Came across this today on a feature dezeen.com are doing with their coverage of Dutch Design Week in Eindhoven. The best in Dutch Design was announced yesterday and I was very interested in the winner of the Interior category.
I was intrigued by its overtly clinical feel. There is a sense of cleanliness about it. As if you should be wearing hazmat suits that get sprayed down whilst you walk through pressurised chambers. I can't say whether I like it or not. I know that museums capitalise on attention by having neutral walls and letting the objects of desire protrude in all of their glory from this neutrality, but it just seems too precious.
There are areas though that really excite me. The contrast of the overtly white surroundings diverges well with PAR timber beams and roof trusses and gives me that sense of character that I didn't feel I was getting from a lot of the other stills. I like refinement but albeit refinement that doesn't hide too much away. I like Interiors with blemishes, exposed brick walls or beams with all of their imperfections and glory.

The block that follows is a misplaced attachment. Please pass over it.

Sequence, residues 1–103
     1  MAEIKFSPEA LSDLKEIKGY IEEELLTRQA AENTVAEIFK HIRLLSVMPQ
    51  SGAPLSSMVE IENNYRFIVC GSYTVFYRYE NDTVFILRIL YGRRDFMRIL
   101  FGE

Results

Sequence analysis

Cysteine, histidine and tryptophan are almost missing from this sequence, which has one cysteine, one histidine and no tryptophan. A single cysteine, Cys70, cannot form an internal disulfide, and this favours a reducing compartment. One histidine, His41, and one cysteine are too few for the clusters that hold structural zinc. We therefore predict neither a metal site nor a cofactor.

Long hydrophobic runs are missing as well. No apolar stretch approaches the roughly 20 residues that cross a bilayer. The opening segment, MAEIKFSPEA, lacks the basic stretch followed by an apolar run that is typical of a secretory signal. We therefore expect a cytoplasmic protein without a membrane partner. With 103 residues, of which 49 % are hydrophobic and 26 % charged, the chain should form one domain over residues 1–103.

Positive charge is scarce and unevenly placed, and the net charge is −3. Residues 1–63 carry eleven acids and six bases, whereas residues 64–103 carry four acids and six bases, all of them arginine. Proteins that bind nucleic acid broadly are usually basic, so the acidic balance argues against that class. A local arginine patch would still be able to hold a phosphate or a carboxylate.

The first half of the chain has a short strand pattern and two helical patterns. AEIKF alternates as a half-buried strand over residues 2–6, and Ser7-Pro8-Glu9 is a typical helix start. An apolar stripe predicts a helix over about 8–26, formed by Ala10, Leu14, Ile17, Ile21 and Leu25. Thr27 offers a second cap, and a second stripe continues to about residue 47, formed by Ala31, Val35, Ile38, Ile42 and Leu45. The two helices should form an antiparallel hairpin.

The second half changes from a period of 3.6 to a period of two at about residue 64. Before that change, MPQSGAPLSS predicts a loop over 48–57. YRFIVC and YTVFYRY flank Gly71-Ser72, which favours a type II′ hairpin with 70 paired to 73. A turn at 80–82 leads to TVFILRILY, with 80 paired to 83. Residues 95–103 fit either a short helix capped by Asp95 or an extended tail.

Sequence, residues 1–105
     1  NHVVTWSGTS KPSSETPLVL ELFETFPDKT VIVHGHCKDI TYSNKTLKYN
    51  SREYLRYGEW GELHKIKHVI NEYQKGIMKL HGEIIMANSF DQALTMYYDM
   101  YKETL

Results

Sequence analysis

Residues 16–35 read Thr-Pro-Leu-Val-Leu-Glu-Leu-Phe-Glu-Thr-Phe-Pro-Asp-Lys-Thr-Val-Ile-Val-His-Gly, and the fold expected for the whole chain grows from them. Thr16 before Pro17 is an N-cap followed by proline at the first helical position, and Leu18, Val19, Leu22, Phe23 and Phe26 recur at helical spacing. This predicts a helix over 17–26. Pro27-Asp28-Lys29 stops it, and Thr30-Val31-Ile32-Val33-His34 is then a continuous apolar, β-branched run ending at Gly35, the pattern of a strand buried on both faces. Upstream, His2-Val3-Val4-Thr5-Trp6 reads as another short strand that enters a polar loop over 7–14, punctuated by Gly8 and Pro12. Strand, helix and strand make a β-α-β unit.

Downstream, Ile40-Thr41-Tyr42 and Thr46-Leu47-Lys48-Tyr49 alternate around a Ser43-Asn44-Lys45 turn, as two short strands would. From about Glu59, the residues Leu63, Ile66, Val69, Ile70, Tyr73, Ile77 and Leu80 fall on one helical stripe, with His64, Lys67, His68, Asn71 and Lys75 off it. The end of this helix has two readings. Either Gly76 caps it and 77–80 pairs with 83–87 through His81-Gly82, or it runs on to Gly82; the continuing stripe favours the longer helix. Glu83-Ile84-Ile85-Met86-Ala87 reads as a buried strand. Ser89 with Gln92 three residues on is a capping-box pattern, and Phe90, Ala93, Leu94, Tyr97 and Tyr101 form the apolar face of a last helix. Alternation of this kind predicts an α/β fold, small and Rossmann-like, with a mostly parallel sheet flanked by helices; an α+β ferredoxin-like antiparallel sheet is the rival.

The exterior is a biologically friendly dream that seamless sculpts into the undulating contours of its surrounding. It doesn't extrude above the ground at any great height, it optimises the lower floors to minimise on visual impact to the surrounding Dutch vernacular buildings.
The uninterrupted transition between the old museum facade and the new museum is one of joy. It blends together superbly and is a fine example of the current trend of the old playing nicely with the new. This is no more than apparent in the recently opened, and heavily publicised, Stedelijk Museum.
To read more on this building see Dezeen's fantastic blog entry...